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Theoretical Tax Question - Bbc Antiques Roadshow Massive Sale

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DTCwordfan | 17:29 Tue 24th Oct 2017 | Business & Finance
8 Answers
There was a recent programme where the Scot who has the auction house in Carlisle, Paul? found a very early camera with colloid accessories and bought it for £60. It sold at auction for £20k, creating a record not only for the Antiques Road Trip but also the auction house for a general sale. In this case, the gain went to charity.....

My thoughts have turned to Bargain Hunt, two couples competing, given 300 quid and then they share in any profits. Now what would have happened if the above had occurred on the programme, the competing pair sharing a gain of nearly £10k each - how would the taxman see this, as income and therefore taxable?


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All prize winnings Including the lottery are Tax Free in the UK. Tax only kicks in if some or all of the winnings are given away
but these arent winnings....
Question Author
exactly......they are given 300 to begin with.
the prize money they win on bargain hunt is any difference between what they bought he item for and what it sold the money they are given to spend is either returned unspent or taken back from the sale of the this case then surely the prize money they win is a prize and therefore tax free?
As far as gifts from lottery wins, its my understanding that for tax purposes, its the same as any other monetary gift and HMIT only want a share if the donor lives less than 7 years after giving the gift.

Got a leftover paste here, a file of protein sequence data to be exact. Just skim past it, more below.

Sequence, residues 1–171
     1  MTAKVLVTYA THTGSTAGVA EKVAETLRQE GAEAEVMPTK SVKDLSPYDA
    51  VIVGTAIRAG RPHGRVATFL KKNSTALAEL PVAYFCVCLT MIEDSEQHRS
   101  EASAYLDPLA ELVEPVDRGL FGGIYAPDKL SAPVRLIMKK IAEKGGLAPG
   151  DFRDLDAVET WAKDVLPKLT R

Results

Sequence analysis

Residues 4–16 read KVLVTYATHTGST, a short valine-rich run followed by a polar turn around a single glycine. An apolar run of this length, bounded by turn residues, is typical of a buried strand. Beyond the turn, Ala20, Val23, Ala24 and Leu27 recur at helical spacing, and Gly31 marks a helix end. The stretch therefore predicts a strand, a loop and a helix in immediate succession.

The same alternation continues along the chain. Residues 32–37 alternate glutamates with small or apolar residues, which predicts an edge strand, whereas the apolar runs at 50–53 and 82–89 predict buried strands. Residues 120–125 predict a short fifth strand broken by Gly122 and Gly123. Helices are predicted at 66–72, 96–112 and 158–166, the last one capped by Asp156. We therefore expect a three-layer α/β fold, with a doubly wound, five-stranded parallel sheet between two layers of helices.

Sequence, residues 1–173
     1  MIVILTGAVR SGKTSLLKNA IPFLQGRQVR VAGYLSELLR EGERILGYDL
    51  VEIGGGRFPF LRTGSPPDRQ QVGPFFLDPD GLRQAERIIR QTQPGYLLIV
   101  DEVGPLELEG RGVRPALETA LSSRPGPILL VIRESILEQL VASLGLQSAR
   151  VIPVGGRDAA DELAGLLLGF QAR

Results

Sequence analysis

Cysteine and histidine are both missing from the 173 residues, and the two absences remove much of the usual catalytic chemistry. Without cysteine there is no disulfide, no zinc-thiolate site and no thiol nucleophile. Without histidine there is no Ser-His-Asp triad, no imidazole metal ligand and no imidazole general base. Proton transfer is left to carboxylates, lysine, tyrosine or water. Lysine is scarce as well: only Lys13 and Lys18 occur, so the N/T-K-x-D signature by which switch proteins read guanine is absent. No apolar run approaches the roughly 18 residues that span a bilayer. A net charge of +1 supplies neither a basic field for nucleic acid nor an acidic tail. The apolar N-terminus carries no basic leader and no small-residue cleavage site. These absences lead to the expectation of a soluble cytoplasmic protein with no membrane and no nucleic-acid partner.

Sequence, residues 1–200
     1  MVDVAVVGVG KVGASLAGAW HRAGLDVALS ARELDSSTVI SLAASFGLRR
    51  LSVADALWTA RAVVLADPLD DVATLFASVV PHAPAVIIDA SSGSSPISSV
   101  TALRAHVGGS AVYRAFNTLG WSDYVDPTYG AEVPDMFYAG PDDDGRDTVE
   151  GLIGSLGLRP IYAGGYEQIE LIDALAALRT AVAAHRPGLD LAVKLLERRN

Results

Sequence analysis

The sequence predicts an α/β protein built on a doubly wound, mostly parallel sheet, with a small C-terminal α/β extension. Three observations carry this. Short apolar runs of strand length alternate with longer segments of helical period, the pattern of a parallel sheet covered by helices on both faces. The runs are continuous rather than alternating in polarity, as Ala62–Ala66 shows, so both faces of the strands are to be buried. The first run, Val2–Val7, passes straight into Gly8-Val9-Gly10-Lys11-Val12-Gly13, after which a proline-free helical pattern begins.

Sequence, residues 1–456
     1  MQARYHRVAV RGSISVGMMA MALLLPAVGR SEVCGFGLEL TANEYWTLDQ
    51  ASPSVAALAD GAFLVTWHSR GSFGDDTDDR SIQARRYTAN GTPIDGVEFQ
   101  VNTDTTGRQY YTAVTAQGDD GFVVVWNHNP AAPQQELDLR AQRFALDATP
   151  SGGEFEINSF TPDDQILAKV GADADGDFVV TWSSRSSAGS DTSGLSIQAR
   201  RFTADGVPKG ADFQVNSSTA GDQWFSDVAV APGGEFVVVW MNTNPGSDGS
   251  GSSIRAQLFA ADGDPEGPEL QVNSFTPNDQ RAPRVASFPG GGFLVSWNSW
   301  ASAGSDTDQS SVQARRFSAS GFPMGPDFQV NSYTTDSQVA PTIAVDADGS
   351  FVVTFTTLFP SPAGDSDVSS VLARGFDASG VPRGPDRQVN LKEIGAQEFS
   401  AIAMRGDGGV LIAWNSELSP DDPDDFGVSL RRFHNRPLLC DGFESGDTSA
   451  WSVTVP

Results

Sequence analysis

Question Author
interested if we have any fully fledged FCAs on - my accountancy knowledge on this is not up to maybe right wolfgang but it's the giving of any cash in the outlay that worries me as to the so-called prize-money becoming income indirectly so. Do we have any financial gurus to the equiv. of Barmaid in the legal domain?
I am not a financial wizz (understatement ha) but I think that they aren't given the money? They can't use it for whatever they want, anything unspent is returned and the purchase price is taken back from whatever the item is sold for. They "hold" the money but the game could be played just as well if both teams had a BBC money holder who went round and paid for whatever the contestants chose.
Question Author
interesting to have the accountant view on this though! (or an HMRC spokesperson if we have somebody on AB from HM's team).
the winners of bargain hunt keep the profit as their wouldn't that be tax free to winners ?

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